World War II

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Simone Signoret

Simone Signoret's five-decade career of more than sixty films, her Leftist politics, and her unassailable talent in creating not only memorable but iconic female heroes at every stage of her career, give her an important place in twentieth-century cultural history.

Lillie Shultz

Victor H. Bernstein, managing editor of the Nation during her years there, described Lillie Shultz as the magazine’s “dynamo—a tireless bundle of energy.” “Lillie had two passions,” he said, “the Nation and Israel.” This energetic journalist was a Zionist, a champion of the oppressed, a skilled administrator, and a businesswoman.

Rebecca Sieff

Rebecca Sieff (1890–1966), the daughter of a wealthy Jewish family from Manchester, England, played an active role in two central social-historical movements: the struggle for women’s rights and the Zionist movement which eventually led to the establishment of the State of Israel.

Rose Shoshana

Rose Shoshana began her acting career in the Yiddish theater world, playing Manke in Got fun Nekome in 1908. She went on to perform across Europe, America, and Asia. When she arrived in New York in 1946, she began a career as a novelist, writer, translator, and journalist at the Forverts.

Dinah Shore

Dinah Shore, the quintessential American girl, was both America’s sweetheart in the 1940s and 1950s and a leading example of an independent woman in the 1970s. Her career spanned over forty years and included stints on the radio and in the movies. Her most enduring legacy, however, is her impressive vocal recordings and television shows.

Sarah Shner-Nishmit

Since her aliyah, Holocaust survivor Sarah Shner Nishmit has been involved in teaching and education and has written several children’s books. She has also collected testimonies from Holocaust survivors and engaged in historical research. Through her books and children’s stories she has sought to instill an awareness of the Holocaust in children and young people.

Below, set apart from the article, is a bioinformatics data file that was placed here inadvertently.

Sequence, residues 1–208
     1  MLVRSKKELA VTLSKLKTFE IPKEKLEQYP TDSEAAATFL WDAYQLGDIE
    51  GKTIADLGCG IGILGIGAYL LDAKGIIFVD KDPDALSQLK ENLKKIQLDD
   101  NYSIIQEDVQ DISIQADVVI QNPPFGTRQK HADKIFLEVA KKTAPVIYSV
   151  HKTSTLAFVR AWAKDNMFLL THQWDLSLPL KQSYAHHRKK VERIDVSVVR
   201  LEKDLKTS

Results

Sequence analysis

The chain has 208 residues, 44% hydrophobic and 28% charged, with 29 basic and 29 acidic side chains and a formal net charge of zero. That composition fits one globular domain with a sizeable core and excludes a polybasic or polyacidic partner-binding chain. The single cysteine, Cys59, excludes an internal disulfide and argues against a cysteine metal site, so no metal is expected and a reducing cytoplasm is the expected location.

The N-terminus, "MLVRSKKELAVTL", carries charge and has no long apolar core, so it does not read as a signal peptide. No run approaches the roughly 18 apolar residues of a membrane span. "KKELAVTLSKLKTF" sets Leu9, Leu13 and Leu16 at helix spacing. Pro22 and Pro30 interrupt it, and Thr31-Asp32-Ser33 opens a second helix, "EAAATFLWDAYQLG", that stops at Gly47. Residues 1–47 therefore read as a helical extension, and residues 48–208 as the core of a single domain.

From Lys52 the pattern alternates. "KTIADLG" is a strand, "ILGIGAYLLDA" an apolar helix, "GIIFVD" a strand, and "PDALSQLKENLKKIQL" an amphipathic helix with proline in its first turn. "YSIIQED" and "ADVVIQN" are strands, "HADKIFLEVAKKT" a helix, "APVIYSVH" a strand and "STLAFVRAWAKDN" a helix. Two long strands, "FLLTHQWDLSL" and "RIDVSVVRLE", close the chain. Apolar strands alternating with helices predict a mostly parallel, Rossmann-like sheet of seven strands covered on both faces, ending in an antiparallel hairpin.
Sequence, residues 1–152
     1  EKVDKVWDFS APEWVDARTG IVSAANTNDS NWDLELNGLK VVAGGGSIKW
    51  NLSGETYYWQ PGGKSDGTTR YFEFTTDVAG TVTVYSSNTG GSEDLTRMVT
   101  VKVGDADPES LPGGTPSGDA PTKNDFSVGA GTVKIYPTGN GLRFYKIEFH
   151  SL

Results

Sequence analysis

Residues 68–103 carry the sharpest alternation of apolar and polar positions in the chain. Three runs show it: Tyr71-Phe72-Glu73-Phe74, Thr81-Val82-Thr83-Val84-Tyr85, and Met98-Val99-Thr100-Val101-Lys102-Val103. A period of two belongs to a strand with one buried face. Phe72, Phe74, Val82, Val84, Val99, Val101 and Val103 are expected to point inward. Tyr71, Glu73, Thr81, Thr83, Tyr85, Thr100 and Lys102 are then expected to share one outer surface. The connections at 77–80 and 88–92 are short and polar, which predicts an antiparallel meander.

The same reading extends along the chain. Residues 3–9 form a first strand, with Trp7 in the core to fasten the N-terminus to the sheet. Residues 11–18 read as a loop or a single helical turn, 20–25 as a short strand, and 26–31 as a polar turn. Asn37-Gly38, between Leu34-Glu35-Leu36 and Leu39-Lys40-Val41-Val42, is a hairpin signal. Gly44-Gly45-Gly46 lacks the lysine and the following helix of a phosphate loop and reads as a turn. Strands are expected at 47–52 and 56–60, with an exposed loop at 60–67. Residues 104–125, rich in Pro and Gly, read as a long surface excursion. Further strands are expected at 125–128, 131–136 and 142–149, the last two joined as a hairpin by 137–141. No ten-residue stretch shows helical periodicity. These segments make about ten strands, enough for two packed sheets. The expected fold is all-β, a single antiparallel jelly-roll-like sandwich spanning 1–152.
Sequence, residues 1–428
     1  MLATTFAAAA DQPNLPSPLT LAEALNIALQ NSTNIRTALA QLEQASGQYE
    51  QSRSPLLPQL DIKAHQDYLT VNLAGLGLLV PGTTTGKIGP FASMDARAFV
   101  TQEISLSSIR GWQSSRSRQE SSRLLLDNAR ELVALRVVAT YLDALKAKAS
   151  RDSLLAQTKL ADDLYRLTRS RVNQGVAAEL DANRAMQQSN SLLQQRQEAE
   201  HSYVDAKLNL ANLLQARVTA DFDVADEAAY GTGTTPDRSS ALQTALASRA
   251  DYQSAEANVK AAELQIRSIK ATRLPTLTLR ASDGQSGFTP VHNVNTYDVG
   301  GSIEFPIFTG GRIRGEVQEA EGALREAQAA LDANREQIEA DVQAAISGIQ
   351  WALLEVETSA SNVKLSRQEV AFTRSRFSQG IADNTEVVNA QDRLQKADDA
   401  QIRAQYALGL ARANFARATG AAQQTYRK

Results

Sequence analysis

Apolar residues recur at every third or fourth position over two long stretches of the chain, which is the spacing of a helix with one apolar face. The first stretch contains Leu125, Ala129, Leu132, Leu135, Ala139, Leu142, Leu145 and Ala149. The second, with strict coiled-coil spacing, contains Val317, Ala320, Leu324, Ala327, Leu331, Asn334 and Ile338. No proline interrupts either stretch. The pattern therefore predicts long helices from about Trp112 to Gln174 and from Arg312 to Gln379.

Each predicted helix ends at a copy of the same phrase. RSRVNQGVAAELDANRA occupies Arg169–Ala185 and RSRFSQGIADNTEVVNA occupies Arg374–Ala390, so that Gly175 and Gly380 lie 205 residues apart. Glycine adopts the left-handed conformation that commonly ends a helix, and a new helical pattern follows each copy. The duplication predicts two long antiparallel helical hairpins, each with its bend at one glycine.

She'erit ha-Peletah: Women in DP Camps in Germany

Family played an important role in the lives of Holocaust survivors in DP (displaced persons) camps – in 1947, the birth rate in DP camps was one of the highest in the world. Women served as teachers and eager students, and they were active in the effort to open immigration to Palestine.

Alice Hildegard Shalvi

Well known as a public speaker and a social activist, Alice Hildegard Shalvi’s contribution to Jewish education, to Israeli culture and to Jewish feminism has been widely recognized.

Ada Ascarelli Sereni

Much of Ada Sereni’s life was spent in the shadow of the heroic figure of her husband Enzo, who died as one of the Jews who parachuted into German-occupied Europe during World War II, but she herself made so noteworthy a contribution to the Zionist enterprise as to win her the 1995 Israel Prize.

Toni Sender

Together with others, Toni Sender formed a women’s group which aimed to free married women of their economic dependency and from political and social discrimination. She was convinced that without the active participation of women there could be no profound social transformation.

Anna Seghers

Anna Seghers, one of the most important German women writers of the twentieth century, was born Netty Reiling on November 19, 1900 in Mainz on the Rhine. Her combination of social commitment and mythic vision are as rare as her style, which is harsh yet poetic.

Hela Rufeisen Schüpper

Hela Rufeisen Schüpper now began her career as a courier in late July between Warsaw and Cracow and between Cracow and other branches of the movement. Dyeing her hair a lighter shade, she set out on the dangerous journey out of the ghetto, continuing by train to Cracow and into the Cracow ghetto—all without any identity papers.

Ottilie Schönewald

In her autobiography, Ottile Schönewald wrote, “The German Women’s Movement had the greatest influence on my life.” Deeply involved in several women’s and Jewish organizations, Schönewald was a feminist activist who became a politician to advance her causes.

Dorothy Schiff

Dorothy Schiff led many lives, from debutante to social reformer, but she is best remembered as the publisher of the New York Post, the first woman to run a New York newspaper. Her publishing philosophy was simple: The Post must avoid “narrow-mindedness, prejudice, and all the things it is the business of liberals to fight.”